And theater, too. Most memorable for me was seeing him in Edward Albee's Sylvia, or The Goat, in which he has to tell his wife that he is in love with another, eh, female, that is, eh, another species -- eh, a goat.
It was Margot Harley, just leaving her lengthy tenure as The Acting Company producer, who came up with the wonderful idea to adapt six Tennessee Williams short stories for the stage. Now the collection, Desire, is at 59E59 Theatres, with Michael Wilson capably directing.
It's not about "political correctness" (in the context of current Mississippi politics, supporting the inclusion of the Rebel standard on the state flag is the politically "correct" thing to do). It's about moral correctness; it's about historical correctness; it's about common decency.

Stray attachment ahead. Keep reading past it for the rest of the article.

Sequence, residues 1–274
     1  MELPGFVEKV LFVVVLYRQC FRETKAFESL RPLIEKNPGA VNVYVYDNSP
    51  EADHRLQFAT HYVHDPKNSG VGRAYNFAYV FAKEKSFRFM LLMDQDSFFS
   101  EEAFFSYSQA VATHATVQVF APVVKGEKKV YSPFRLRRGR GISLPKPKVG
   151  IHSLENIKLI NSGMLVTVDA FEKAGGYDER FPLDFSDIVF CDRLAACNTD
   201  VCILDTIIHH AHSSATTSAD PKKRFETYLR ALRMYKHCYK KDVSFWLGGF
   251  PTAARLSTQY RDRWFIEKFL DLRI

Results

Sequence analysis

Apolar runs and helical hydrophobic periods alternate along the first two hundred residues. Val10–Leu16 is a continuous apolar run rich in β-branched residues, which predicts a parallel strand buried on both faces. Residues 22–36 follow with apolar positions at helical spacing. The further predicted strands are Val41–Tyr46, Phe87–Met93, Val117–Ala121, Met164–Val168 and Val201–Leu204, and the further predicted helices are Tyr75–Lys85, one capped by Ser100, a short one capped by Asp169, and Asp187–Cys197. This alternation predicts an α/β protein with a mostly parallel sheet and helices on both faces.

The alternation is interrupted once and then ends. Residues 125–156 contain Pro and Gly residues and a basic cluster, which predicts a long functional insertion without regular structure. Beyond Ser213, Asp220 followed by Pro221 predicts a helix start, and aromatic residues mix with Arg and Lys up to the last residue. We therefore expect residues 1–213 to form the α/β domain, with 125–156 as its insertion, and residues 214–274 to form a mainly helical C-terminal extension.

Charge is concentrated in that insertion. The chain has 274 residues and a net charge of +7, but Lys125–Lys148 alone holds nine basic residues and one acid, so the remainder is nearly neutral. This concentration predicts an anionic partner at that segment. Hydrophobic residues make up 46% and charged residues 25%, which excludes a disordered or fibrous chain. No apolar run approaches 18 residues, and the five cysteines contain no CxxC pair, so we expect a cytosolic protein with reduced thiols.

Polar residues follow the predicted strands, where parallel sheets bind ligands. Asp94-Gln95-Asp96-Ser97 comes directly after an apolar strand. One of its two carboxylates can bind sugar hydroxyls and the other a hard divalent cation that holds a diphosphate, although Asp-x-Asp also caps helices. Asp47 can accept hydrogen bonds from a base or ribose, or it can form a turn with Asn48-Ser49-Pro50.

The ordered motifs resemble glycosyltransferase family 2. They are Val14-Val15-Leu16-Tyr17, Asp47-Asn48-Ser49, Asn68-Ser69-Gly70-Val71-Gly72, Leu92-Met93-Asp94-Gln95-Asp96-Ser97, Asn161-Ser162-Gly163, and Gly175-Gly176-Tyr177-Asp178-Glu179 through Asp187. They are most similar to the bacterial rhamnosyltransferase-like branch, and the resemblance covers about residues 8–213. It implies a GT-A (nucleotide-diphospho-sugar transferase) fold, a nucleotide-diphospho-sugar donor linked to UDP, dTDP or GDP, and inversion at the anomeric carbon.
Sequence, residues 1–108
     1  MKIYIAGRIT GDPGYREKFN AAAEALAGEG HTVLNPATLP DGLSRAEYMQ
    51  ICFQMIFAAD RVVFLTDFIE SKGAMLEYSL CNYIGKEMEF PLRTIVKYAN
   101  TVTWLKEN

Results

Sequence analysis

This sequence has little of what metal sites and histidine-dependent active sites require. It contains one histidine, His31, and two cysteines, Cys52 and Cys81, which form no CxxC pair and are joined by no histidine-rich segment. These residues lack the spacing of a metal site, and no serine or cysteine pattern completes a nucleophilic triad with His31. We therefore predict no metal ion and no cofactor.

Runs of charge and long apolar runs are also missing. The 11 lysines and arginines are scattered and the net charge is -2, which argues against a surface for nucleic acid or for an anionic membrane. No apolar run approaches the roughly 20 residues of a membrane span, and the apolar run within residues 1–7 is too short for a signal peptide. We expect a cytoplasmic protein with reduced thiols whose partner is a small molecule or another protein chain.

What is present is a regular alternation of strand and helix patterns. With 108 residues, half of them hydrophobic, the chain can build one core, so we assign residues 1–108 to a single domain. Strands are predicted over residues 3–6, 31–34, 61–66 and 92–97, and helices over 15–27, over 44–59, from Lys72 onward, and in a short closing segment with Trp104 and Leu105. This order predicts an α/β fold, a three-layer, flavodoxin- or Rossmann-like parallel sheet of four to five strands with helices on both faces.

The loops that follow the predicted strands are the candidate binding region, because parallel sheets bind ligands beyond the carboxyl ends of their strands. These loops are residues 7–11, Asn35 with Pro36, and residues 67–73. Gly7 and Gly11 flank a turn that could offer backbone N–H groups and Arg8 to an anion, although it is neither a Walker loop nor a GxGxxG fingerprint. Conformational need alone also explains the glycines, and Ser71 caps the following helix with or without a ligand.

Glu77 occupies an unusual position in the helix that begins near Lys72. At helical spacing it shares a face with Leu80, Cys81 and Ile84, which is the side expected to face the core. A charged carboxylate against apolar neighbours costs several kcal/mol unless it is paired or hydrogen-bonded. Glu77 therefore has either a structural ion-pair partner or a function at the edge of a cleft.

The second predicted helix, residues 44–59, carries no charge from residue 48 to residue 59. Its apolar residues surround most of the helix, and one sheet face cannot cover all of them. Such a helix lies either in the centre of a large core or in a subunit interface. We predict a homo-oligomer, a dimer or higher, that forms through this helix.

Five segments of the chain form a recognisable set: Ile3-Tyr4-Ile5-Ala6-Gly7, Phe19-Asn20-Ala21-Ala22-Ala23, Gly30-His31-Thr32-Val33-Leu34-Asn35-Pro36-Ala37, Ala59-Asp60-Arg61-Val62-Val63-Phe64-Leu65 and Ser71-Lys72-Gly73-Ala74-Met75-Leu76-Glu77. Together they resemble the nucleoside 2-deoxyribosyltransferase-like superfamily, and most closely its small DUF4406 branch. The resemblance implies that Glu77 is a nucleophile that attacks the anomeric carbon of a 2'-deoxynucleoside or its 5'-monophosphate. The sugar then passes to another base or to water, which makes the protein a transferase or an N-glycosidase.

I've come to admire people, and theater companies, that take the risk. You have to hand it to Elliott -- more than any other major off-Broadway theater company, The New Group consistently produces offbeat works.
In busy spells -- which in the Broadway arena typically include the two weeks before Thanksgiving and the month before the various award deadlines in the spring -- it is not uncommon for critics and award nominators to find themselves at five or six a week. Eighteen in 16, though, is overdoing it.
If you like Southern Gothic with a large helping of murder and mayhem, shrouded in mystery, and expertly acted by an all-star cast of four stage veterans and one newcomer, you won't want to miss Beth Henley's new play The Jacksonian.